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Tallinn’s strategy for smart port solutions

Submitted by scc europe staff on March 3, 2019

The Port of Tallinn is looking to up its sustainability game starting at square one with port traffic. Let’s dive deeper into the smart port project that will reduce traffic loads and minimize air pollution, thereby affecting the future of Tallinn’s shipping and cruising industry to make the experience a more seamless one for the passengers passing through each day.—Bruno De Man 

Drafting a smart port design

With more than 10 million passengers passing through a port like Tallinn, Estonia each year, one of the main goals is to reduce traffic for both people and vehicles by simplifying check-in processes; shortening wait times; managing lines for vehicles coming on and off the board. According to Port of Tallinn CEO Valdo Kalm, “this entailed a mammoth feat of complex organisation” in the past, but now with the creation of a smart port application, this can all be easily achieved. The city has narrowed in on the issue of truck congestion caused by vehicles parking in the port before being loaded on ships. The pilot project for a smart port application will stop traffic jams by using a real-time waiting line system, halting trucks outside of the city centre and later directing them to the ship in an orderly and timely fashion to avoid congestion. Not only will this reduce traffic in the port area, which will lead to less air pollution, it will also lower waiting times for vehicles in port.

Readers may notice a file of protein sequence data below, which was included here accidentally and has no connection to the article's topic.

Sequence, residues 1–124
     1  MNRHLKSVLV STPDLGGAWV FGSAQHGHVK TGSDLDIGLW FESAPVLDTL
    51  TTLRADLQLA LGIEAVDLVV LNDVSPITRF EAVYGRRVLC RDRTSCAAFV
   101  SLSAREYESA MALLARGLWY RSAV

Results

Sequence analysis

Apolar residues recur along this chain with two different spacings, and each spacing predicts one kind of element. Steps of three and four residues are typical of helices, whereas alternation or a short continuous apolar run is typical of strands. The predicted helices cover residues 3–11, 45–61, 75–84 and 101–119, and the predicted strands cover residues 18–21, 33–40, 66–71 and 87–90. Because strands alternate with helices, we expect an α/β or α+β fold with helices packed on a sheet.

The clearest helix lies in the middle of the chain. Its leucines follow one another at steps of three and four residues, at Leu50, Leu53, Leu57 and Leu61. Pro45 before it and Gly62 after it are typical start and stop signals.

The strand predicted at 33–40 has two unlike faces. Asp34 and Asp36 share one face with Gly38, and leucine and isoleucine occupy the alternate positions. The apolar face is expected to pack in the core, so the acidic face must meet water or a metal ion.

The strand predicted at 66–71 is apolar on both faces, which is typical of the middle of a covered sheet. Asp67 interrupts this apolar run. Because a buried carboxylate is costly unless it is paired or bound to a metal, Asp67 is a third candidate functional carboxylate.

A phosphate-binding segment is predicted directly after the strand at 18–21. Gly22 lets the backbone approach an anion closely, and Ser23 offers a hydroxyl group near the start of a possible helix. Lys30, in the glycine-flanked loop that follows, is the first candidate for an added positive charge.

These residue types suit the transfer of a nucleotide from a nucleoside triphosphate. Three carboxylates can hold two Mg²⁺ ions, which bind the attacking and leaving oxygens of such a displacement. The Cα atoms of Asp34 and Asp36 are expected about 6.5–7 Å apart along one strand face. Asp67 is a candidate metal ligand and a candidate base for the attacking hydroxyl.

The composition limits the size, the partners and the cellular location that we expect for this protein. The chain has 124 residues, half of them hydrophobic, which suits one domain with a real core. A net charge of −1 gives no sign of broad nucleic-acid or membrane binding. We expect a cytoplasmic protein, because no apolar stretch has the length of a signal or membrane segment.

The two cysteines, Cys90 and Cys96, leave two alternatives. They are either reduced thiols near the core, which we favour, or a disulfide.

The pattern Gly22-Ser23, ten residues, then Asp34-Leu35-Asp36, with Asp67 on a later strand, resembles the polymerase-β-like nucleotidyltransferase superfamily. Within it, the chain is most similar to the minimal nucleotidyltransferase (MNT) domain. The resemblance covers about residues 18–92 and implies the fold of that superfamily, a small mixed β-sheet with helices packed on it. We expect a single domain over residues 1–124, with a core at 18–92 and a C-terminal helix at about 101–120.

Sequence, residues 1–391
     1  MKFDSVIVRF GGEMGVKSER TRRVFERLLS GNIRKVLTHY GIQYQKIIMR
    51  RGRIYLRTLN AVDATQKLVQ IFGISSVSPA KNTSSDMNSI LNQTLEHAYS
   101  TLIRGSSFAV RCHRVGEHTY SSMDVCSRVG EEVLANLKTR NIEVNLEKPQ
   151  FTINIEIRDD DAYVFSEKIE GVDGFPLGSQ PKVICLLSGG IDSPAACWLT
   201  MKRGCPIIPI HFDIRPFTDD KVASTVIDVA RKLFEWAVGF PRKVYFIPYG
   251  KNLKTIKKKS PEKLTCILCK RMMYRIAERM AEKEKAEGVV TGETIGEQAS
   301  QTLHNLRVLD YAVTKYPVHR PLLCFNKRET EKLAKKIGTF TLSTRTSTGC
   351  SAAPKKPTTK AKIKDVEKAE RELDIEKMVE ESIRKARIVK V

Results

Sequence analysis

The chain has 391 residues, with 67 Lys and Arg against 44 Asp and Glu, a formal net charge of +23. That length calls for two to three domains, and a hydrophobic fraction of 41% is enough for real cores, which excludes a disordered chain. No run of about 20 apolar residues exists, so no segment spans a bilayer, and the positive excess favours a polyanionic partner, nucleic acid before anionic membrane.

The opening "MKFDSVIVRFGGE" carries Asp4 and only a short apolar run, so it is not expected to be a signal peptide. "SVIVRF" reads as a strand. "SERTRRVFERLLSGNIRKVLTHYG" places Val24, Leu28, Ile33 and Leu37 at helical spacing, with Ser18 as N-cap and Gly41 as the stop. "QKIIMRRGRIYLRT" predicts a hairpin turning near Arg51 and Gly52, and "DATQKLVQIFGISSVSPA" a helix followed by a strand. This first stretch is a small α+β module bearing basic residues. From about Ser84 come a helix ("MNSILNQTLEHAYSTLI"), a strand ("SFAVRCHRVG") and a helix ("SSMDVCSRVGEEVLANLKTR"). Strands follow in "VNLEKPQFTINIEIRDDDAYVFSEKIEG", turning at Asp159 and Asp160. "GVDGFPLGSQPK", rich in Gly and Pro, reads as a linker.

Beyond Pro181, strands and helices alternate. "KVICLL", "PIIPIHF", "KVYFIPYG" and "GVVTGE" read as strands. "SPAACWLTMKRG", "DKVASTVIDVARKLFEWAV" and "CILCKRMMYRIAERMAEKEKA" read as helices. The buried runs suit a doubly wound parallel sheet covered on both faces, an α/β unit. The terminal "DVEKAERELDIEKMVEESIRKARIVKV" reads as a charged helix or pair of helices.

“Focusing on smart technology and digital solutions, with a keen eye on sustainability, is today’s way forward in terms of serving customers and reducing needless bottlenecks,” Kalm explains. “This not only has a direct impact on profits but also benefits society as a whole.”

With the smart port app, the shipping industry will finally receive the digital push it’s been missing and “steer the maritime industry into a new age,” making it more sustainable and profitable. The project will serve as a tool to streamline the port’s different databases and IT systems, making them efficient while ensuring security measures are in place with outgoing data digitally signed and encrypted. Couple these digital advances with sustainability solutions like the LNG-powered ferry, which excretes hardly any sulphuric compounds or soot particles on the world’s heaviest traffic route, and Tallinn serves as a modern-day example of how to digitalize the shipping industry and make it more sustainable, benefiting business, the city and the people using this mode of transportation.